Today, we turn our analysis of the Illinois Supreme Court’s oral arguments between 2008 and 2016 to a new question: how likely is it that the Justice who asks the first question in a civil case is writing an opinion?
In Table 433 below, we report the percentage of instances in civil cases in which each Justice asked the first question of appellant and was writing the majority, a special concurrence, or a dissent. For example, on twenty-three occasions, Justice Burke asked the first question of appellant, and wound up writing the majority opinion. Twice she wrote a concurrence, and five times she dissented. In comparison, she led off the questioning of appellant yet didn’t write an opinion in thirty-one cases. Justice Thomas most frequently asked the first question with 124. Justice Freeman was next at 45, followed by Justice Freeman at 38 and Justice Theis at 35. Justice Thomas wrote the majority opinion and led off questioning of the appellant 29 times. Justice Burke was second at 23, followed by Justice Theis at 18. Justice Freeman was the most frequent dissenter, leading off the questioning of appellants and writing a dissent in eight cases to Justice Thomas’ seven.
Overall, when Justice Burke asked the first question of appellants, she wrote an opinion 49.18% of the time. Justice Karmeier was second, writing an opinion 47.37% of the time when he led off. Justice Theis was third at 38.6%. Justice Garman was fourth at 29.63%. This measure was the least powerful for two of the most active questioners on the Court. Justice Thomas wrote in 23.46% of cases when he led off to the appellants, and Chief Justice Fitzgerald wrote in 23.08% of cases. No Justice was under 20%, and courtwide, the first questioner to appellants wrote an opinion in 31.07% of cases.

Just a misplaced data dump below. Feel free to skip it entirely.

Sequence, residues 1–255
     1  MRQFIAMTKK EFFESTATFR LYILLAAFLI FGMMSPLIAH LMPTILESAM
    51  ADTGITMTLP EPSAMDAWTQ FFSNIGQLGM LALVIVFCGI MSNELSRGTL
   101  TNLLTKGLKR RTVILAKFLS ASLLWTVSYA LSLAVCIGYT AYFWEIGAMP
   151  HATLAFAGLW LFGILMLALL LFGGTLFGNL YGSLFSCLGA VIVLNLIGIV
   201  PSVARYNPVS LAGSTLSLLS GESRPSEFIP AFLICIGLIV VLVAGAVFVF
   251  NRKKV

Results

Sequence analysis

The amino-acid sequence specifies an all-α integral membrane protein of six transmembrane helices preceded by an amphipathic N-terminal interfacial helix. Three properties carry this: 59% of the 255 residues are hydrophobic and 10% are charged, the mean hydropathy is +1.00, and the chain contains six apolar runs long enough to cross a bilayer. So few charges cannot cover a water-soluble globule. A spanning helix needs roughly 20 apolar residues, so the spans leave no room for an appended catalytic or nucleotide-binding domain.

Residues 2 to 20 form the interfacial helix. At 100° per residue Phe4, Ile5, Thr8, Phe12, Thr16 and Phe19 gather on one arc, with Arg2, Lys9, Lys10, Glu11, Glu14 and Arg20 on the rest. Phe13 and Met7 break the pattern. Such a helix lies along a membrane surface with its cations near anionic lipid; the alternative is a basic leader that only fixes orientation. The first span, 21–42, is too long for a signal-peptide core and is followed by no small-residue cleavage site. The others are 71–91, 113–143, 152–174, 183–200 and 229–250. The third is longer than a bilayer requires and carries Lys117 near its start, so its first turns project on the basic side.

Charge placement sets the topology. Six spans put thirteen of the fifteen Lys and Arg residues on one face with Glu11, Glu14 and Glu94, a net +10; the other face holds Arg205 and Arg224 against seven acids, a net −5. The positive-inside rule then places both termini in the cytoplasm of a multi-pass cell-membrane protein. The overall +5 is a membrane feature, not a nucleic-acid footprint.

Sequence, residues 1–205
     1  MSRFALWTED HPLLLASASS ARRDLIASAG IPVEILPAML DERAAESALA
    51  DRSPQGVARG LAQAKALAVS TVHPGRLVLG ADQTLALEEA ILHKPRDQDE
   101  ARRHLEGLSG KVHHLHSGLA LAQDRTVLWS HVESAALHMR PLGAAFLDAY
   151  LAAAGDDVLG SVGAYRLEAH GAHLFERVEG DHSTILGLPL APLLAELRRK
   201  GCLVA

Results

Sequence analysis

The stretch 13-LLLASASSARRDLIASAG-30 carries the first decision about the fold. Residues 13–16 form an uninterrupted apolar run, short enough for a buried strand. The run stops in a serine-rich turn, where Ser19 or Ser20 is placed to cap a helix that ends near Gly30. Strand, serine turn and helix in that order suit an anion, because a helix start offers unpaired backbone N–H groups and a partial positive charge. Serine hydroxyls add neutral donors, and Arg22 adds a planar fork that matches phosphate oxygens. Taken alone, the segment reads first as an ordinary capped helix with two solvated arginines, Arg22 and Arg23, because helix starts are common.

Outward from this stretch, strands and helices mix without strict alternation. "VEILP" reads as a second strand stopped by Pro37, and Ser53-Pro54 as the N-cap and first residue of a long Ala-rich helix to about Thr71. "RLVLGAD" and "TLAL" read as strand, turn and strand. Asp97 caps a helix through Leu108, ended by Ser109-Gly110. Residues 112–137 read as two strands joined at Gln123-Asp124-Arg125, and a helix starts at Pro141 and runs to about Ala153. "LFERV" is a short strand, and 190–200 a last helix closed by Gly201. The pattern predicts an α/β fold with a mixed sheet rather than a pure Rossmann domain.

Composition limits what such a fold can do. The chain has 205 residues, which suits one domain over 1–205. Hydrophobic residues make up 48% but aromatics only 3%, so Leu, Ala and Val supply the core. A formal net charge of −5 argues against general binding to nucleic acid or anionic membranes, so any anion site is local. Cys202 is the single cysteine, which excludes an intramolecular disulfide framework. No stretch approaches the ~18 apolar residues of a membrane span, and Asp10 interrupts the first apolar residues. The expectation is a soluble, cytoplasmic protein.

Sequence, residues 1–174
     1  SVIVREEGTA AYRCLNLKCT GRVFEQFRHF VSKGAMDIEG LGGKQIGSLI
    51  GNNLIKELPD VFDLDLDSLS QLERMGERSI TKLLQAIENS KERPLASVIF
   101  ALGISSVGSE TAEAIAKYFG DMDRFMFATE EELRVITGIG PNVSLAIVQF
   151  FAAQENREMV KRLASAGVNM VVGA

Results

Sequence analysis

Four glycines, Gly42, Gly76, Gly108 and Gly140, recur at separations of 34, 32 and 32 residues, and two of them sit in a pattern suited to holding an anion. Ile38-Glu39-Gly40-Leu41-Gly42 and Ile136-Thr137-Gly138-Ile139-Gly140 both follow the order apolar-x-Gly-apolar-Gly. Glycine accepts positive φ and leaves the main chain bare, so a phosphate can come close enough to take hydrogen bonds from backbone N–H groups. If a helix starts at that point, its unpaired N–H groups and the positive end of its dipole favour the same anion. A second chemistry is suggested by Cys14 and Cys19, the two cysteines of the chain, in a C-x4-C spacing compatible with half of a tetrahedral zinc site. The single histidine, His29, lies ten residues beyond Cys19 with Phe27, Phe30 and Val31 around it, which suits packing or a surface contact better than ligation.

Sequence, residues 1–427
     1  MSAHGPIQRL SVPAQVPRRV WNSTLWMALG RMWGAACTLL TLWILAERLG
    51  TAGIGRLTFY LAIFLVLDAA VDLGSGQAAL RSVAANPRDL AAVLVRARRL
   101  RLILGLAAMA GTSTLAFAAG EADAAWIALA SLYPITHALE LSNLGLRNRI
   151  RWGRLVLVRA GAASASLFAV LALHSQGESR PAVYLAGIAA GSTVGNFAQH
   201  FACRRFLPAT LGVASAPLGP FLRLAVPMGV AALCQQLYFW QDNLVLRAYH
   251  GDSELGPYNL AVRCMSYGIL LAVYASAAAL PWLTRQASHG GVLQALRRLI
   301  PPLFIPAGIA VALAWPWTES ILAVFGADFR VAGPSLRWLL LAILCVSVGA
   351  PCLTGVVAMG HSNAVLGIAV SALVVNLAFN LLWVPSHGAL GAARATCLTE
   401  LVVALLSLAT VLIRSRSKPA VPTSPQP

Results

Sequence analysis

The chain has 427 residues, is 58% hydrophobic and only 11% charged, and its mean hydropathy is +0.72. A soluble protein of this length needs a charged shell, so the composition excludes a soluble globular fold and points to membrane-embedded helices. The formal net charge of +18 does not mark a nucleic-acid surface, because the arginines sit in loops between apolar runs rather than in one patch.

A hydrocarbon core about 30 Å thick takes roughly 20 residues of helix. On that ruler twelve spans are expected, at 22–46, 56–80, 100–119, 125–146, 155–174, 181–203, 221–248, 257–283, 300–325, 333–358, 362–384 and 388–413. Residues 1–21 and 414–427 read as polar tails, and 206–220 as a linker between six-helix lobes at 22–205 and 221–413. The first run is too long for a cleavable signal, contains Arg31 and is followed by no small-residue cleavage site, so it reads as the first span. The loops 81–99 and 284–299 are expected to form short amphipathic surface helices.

So what about appellees? Justice Thomas led, writing the majority twen ty-two times when he asked the first question of appellees. Only two other Justices were in double figures – Justice Garman at 12 and Justice Burke at 10. Justices Garman and Freeman led in dissents, with each writing six dissents in cases where they began the questioning. Overall, 71 times the first question to an appellee came from the author of the majority opinion. Seventeen times, it came from the author of a dissent.
We report the percentages in Table 434. Three Justices – Chief Justice Karmeier and Justices Burke and Thomas – are more likely to be writing when they ask the first question of appellant than when they lead off with the appellee. For the other four Justices, lead-off to the appellee is a more powerful predictor of writing an opinion – often by ten to twenty percentage points. Justice Kilbride wrote an opinion in 41.18% of cases where he led off questioning of appellee. Justice Theis was right behind at 40.91%, and Justice Garman was at 39.13%. Three more Justices were tightly bunched right behind Justice Garman – Chief Justice Fitzgerald at 36.36%, Chief Justice Karmeier at 36% and Justice Freeman at 35.48%. Courtwide, the likelihood in civil cases that the first question to appellees came from a Justice writing an opinion was 31.33%.
Join us back here tomorrow when we look at the Court’s oral arguments in criminal cases.